model checker, Software, static analysis, validation, verification

Static Program Analysis: Motivation and Techniques

Static analysis is a method to extract specific information about the program without actually running it. In this blog post, we will first have a look at different types of information that we can obtain using static analysis. Later, we will have a comprehensive overview of different techniques for static program analysis.


There are broadly two categories of information, based on their usage, that we can extract: Proscriptive information and Descriptive information[1]. Proscriptive information is obtained when we statically analyze the program behavior against a set of prescribed rules. For instance, identification, localization, and explanation of all software anomalies like out of array bound access, use-after-free bugs fall into this category. Descriptive information, on the contrary, consists of different sets of information that can be used to describe a given program. For instance, the call graph and program dependency graph fall into this category. Stack or heap memory usage and Worse-case execution time (WCET) determination are also a type of descriptive information. Static analysis can be done at various levels of program granularity, all the way from an abstract representation of a program like a state transition diagram to the machine code generated after compiling the program. Static analysis of source code is widely used by popular coding IDEs like Eclipse, Android Studio to automatically highlight frequent possible coding errors like Null pointer dereference, dead code indication, illegal memory access, etc.

Moreover, static analysis is used by compilers to detect anomalies and perform certain program optimizations. For instance: Live variable analysis is used for detecting data-flow anomalies like accessing a variable outside its scope; Reaching definition analysis is used for detecting uninitialized memory reads. It is also used by compilers to bring loop invariant out of the loop, which reduces the computation time of the loop. Constant propagation analysis is used by the compiler for performing peephole optimization. Static analysis is also used by automatic documentation generators to make a UML model of the program by analyzing source code.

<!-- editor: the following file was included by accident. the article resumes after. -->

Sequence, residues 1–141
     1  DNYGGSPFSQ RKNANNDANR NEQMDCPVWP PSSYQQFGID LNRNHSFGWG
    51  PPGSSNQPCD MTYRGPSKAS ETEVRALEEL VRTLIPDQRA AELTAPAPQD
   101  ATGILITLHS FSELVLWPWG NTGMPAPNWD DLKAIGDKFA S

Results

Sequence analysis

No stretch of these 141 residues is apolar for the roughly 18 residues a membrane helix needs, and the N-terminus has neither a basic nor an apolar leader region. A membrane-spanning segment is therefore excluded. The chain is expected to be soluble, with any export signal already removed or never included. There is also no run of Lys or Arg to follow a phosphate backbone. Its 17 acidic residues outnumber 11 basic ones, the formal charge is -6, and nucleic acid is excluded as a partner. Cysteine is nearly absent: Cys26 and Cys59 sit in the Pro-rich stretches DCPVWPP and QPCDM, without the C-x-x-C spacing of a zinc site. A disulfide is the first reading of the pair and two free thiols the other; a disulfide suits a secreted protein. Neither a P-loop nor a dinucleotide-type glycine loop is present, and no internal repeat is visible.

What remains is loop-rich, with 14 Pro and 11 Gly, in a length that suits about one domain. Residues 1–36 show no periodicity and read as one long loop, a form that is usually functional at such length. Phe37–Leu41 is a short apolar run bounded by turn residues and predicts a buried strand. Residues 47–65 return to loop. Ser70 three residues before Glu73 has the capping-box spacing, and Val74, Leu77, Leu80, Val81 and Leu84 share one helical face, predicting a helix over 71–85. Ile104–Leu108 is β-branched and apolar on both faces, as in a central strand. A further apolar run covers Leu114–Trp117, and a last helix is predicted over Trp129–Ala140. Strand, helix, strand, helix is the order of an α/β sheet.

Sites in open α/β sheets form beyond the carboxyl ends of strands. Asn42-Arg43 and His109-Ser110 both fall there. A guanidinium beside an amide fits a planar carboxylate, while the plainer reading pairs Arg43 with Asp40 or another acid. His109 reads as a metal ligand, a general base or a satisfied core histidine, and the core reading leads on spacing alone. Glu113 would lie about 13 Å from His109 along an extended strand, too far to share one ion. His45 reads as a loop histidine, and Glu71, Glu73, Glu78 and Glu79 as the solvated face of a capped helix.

There are numerous ways in which static program analysis is performed. Following list comprises of few widely used static program analysis techniques:

  1. Abstract interpretation
  2. Model-checking
  3. Extended type systems
  4. Code slicing, control/data flow analysis
  5. The deduction, symbolic execution

An extensive amount of research work has been done on each of these areas, and covering all the techniques is out of the scope of this blog. We will look at a concise working of each of these techniques.

Abstract interpretation

Abstract interpretation[2] is a method to approximate the values of each variable at every program point in the form of a lattice of either all numbers that a variable can take or in the form of intervals of values that a variable can have. A lattice is always finite and has a single starting and ending node. Due to the finite property of the lattice, we can say for sure that an abstract interpretation of the program will always terminate. A lattice is computed by narrowing down the interval of values a variable can take by iteratively analyzing the program until a fixed point is reached. The Galois connection is an essential notion from the theory of abstract interpretation. It connects two or more abstract domains through abstraction and concretization functions. Galois insertion, a special type of Galois connection, is used to find the transfer function used in data flow analysis.